An illustration of a computer programmer coding on a laptop with the Tor logo on the screen, surrounded by snippets of Rust programming language code, in a modern, well-lit office environment.

Arti: Implementing Tor in Rust Language.

Introduction to Arti: A New Dawn for Tor with Rust

Tor, originally an acronym for The Onion Router, is an open-source software that enables anonymous communication across a network by directing internet traffic through a worldwide overlay network consisting of more than seven thousand relays. Traditionally written in C, Tor has seen a significant transformation with the introduction of Arti, a project aimed at implementing the core functionalities of Tor entirely in the Rust programming language.

Why Rust?

Rust is known for its focus on safety and performance, providing memory safety guarantees through its ownership system without the need for a garbage collector. This makes Rust highly attractive for systems programming, as it minimizes common bugs and security vulnerabilities inherent in languages like C or C++ which rely on manual memory management. Given that Tor is a critical privacy tool used worldwide, enhancing its security and reliability is paramount. The Rust language, with its safe concurrency and resistance to memory bugs, emerges as an excellent candidate for rewriting sensitive internet traffic management tools such as Tor.

The Genesis of Arti

The initiative to rewrite Tor in Rust began with the broader Rust community and the Tor Project observing Rust’s potential benefits. As a part of the exploratory phase, smaller, non-critical components of Tor were first written in Rust to test feasibility and performance impacts. Encouraged by positive outcomes and community support, the Tor Project decided to experiment with a more integral rewrite, leading to the inception of Arti – a Rust-based implementation of the Tor client.

Goals and Objectives of Arti

The primary goal for Arti is not only to replicate the existing functionalities of Tor in Rust but also to simplify the codebase, making it more maintainable, robust, and accessible to new developers. This project aims to:

  • Enhance security by leveraging Rust’s safe programming guarantees,
  • Improve performance through Rust’s efficiency, especially in handling concurrency and network operations,
  • Reduce the complexity inherent in Tor’s codebase, potentially lowering the barrier for new contributors, and
  • Eventually, achieve feature parity with the C implementation of Tor, ensuring that users do not have to compromise on functionality.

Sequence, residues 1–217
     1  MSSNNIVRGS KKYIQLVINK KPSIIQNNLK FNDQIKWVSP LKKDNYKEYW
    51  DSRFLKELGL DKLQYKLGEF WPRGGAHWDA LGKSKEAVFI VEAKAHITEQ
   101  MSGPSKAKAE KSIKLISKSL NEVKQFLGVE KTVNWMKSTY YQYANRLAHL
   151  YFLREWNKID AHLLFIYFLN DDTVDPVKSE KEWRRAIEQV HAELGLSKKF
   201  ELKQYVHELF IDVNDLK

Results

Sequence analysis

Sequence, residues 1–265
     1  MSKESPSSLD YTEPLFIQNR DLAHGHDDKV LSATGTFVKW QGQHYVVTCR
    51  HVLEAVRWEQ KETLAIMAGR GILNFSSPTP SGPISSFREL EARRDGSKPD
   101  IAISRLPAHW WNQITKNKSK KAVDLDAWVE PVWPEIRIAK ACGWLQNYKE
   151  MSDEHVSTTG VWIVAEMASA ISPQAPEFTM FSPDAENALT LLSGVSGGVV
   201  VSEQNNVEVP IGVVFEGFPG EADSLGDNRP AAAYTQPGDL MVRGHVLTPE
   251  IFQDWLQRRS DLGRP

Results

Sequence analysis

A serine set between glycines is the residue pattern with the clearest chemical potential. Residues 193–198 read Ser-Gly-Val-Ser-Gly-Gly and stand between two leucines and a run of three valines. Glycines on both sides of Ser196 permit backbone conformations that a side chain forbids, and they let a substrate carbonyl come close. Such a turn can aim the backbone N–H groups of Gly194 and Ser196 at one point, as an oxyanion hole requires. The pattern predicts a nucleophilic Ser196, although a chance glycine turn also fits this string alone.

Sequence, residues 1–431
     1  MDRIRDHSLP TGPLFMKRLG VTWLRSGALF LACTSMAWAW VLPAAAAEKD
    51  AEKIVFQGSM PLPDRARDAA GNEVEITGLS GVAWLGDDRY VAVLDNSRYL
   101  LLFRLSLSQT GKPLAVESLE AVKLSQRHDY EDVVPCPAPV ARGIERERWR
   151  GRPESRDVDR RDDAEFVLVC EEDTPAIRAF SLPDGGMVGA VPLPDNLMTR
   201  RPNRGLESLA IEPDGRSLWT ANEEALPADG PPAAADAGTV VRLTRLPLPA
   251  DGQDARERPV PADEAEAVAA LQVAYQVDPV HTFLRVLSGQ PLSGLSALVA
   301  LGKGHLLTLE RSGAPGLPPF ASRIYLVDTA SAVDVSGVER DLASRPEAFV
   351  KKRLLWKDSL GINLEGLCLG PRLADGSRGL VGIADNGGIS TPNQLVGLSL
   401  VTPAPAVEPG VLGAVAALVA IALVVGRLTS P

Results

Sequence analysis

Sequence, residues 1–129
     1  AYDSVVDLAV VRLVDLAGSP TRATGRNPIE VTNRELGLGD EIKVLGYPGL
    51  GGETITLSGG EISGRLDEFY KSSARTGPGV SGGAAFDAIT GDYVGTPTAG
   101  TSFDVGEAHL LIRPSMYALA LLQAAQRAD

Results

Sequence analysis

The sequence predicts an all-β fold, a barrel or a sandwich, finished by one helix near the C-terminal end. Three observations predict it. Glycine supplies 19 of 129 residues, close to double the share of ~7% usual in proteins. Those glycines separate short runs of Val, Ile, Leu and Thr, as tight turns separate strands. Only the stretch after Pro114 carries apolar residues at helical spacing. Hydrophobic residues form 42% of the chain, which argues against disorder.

Current Progress and Milestones

As of the latest updates, Arti is in an experimental stage, but it successfully implements the essential features required to connect to the Tor network and communicate using the Tor protocols. Although currently recommended for research and development use only, Arti is on a clear path towards becoming a fully functional Tor client.

Community and Development

The development of Arti has been heavily community-driven, supported by contributions from a diverse group of developers keen on Rust and passionate about privacy technologies. The Tor Project has fostered this community, providing necessary resources and coordination, while also ensuring that Arti aligns with the strategic goals and security standards of the existing Tor network.

Challenges and Considerations

One of the significant challenges in developing Arti is ensuring it meets all operational standards set by the existing C-based Tor client, which has been hardened by years of testing, deployment, and real-world use. Additionally, interoperability between Arti and other components of the Tor network, many of which are still in C, requires careful consideration to maintain overall network integrity and performance.

Future of Arti and Tor

Looking ahead, the Tor Project envisions a gradual transition where more components of the network are rewritten in Rust, eventually leading to a newer, safer, and more robust implementation. The success of Arti could pave the way for further Rust-based rewrites within the Tor ecosystem, potentially influencing other legacy systems in the cybersecurity domain to consider similar modernizations.

With the ongoing development of Arti and its eventual integration into the broader Tor network, the community remains optimistic about leveraging Rust’s capabilities to enhance Tor’s performance, security, and usability for millions of users globally.


By incorporating Rust’s modern, safety-focused features, Arti represents a significant step forward in the evolution of Tor. As this project continues to grow and mature, it holds the promise of transforming the landscape of privacy technology, ensuring that Tor remains a vital tool for secure, anonymous internet access in the years to come.


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